NIS2 Directive: Ignorance can cost you
Recently, we highlighted the background of the new legislation NIS2 here in our blog. Now we need to clarify what tasks this entails for companies: What are the potential consequences of ignoring NIS2? And how can UEM help IT admins implement some of the regulations?
- Inadequate protection of IT systems is an open barn door for hacker attacks.
- Updating relevant business processes is critical.
- NIS2 is a real challenge, but failure to implement it will be very expensive in the future.
- Especially in times of skills shortages, UEM is an important building block for securing critical infrastructures.
I recently discussed which organizations based in the EU fall under the scope of the new NIS2
directive in the blog article “NIS2: It's getting CRITICAL”. But the arc can also
be drawn to my Star Wars series of articles. Let's put it this way: the building technology of the Death Star would definitely fall the new NIS2 directive. Today, however, we’re taking a more concrete look at the extent to which NIS2 goes beyond the
previous regulations, what companies have to do, and what challenges await IT admins in the process.
One thing is clear: all affected companies are required to expand their activities in the areas of risk analysis, information security, measures assessment and implementation, incident response management, crisis management and training.
A central aspect in the broadest sense is cybersecurity. Particularly in times of a shortage of skilled workers, NIS2 implementation is a real challenge for many companies when even
more manpower is now required for corporate security.
In concrete terms, this means that CRITIS companies must update their technical and organizational security measures in the area of incident management as well as their business continuity plans. They are also required to conduct regular risk assessments to provide additional safeguards for all potential points of entry. Just here again the keyword: Death Star.
Affected companies must present effective concepts for risk analysis and also evaluate in them how effective which measures are. In addition, there must be regular training in the area of cyber security. Not to be forgotten: supply chain security, asset management and even personnel security fall under NIS2.
Here – and this is important for affected companies – the security measures required are not based on the cybersecurity costs invested, but primarily on the potential impact. For example, some affected CRITIS companies must register with the European Union Agency for Cyber Security (ENISA) and usually report security incidents in several stages:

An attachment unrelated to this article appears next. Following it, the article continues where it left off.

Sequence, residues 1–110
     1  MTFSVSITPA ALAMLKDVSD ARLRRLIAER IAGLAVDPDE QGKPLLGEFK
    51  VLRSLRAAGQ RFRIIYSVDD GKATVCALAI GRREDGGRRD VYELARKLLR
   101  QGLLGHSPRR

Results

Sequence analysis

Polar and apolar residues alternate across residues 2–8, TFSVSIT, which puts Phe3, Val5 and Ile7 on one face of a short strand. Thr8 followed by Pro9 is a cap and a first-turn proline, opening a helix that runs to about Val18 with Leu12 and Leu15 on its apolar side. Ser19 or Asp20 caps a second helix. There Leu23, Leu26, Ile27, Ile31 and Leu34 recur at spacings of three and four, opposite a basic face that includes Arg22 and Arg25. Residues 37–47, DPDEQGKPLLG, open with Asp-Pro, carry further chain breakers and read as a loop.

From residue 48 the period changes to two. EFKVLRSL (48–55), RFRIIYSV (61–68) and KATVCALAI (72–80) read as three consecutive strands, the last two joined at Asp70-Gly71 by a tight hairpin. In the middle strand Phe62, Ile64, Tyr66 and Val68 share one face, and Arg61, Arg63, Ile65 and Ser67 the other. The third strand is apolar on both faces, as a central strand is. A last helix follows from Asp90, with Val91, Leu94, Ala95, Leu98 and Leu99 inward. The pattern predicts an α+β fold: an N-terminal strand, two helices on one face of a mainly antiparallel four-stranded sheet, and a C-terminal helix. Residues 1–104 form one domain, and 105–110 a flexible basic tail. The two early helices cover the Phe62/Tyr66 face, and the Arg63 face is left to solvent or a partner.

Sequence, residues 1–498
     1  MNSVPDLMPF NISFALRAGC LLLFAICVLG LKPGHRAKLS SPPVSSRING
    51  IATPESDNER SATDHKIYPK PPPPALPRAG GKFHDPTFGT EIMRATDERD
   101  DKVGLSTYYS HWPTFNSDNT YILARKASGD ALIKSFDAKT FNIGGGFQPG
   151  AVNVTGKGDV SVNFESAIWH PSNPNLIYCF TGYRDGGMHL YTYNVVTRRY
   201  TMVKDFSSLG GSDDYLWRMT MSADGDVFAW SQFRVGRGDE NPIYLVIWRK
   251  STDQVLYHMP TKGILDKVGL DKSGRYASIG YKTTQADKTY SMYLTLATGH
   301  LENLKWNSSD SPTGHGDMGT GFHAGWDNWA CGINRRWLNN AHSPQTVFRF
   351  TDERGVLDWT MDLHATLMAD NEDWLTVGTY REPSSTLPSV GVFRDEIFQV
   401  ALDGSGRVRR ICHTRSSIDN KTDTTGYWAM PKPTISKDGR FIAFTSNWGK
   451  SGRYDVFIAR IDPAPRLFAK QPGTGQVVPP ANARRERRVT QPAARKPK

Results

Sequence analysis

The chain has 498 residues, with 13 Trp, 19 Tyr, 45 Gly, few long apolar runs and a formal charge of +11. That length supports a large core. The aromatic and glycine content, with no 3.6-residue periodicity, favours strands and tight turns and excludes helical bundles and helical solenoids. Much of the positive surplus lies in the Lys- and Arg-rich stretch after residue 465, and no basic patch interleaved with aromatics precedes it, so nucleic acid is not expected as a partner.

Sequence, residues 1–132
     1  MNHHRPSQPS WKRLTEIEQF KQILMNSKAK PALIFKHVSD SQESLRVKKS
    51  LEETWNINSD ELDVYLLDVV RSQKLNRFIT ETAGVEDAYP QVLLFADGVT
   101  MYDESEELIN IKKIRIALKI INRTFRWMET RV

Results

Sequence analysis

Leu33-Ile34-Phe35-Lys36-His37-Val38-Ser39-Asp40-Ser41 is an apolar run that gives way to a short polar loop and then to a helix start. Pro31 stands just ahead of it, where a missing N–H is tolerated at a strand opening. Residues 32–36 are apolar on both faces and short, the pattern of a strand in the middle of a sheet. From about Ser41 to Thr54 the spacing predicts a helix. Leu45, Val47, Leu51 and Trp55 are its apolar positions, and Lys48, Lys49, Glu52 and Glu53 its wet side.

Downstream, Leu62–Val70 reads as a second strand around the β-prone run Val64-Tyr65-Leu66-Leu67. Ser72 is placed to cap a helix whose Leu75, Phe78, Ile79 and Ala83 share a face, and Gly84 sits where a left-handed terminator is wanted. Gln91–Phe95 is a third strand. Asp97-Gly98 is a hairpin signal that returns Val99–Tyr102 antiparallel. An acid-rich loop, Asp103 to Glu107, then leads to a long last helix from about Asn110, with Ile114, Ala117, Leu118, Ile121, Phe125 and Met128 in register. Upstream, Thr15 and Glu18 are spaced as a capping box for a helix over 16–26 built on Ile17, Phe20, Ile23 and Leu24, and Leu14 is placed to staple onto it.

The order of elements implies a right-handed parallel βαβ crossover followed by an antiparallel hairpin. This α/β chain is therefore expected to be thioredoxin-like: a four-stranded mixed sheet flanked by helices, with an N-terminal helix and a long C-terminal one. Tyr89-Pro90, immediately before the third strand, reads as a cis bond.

- Initial report within 24 hours
- Update of this initial report within 72 hours
- Final report to the BSI within one month
Under NIS2, while top management at CRITIS companies will have overall responsibility for cybersecurity and the prevention of security incidents, IT specialists typically will continue to be responsible for technical implementation of security measures. If companies fail to meet the new requirements, they can be fined heavily.
So it is now becoming really critical for CRITIS companies and they urgently need to take security measures to better protect themselves against threats. At the same time, existing
budget and, above all, personnel limits must be taken into account. In doing so, it pays off relatively quickly to invest in defense and recovery measures.
The fact is that complying with NIS2 requirements makes sense for companies overall, because it significantly reduces the risk of cyberattacks. Last but not least, companies also benefit from improved efficiency and productivity.
There is currently no single tool that ensures that all NIS2 requirements are met in full. Rather, many existing solutions used to enhance cybersecurity before NIS2 can now contribute to NIS2 compliance. In addition to Network Access Control and monitoring solutions, Unified Endpoint Management supports IT admins with automated management and monitoring of all network endpoints. This starts with a comprehensive inventory of installed hardware and software. It is important not to neglect any endpoint types. Record controllers and network devices as consistently as Windows computers or mobile devices. This type of asset management helps provide a solid foundation for fulfilling some NIS2 requirements for transparency, risk analysis and general information security.
When NIS2 talks about cyber hygiene and incident prevention, it naturally includes vulnerability and update management. Of course, thanks to automated vulnerability
management, patches and hotfixes can be applied company-wide at any time by policy to all IT and/or OT devices affected by a security vulnerability. With the help of continuous monitoring,
IT teams simply always know the exact state (BIOS/UEFI, OS, applications, configuration, permissions, etc.) of each device without the hassle of checking each device individually. Threats
displayed by Defender are also valuable information. Only those who have transparent information about vulnerabilities can eliminate
them and prevent them from reoccurring.
And as obvious as it may sound, consistent update management is a central building block for reliable IT security. This means installing the latest version of software and operating systems wherever possible and keeping them up to date. That way, only what is necessary and trustworthy is on each computer.
Security measures such as hard disk encryption (defense control), allow or block listing of software and a ticket system for rapid response round off a comprehensive UEM solution and help IT admins fulfill portions of the NIS2 requirements.
Vulnerabilities in critical infrastructure are more than just local challenges. Learn how automated vulnerability management can help your organization address them in our whitepaper.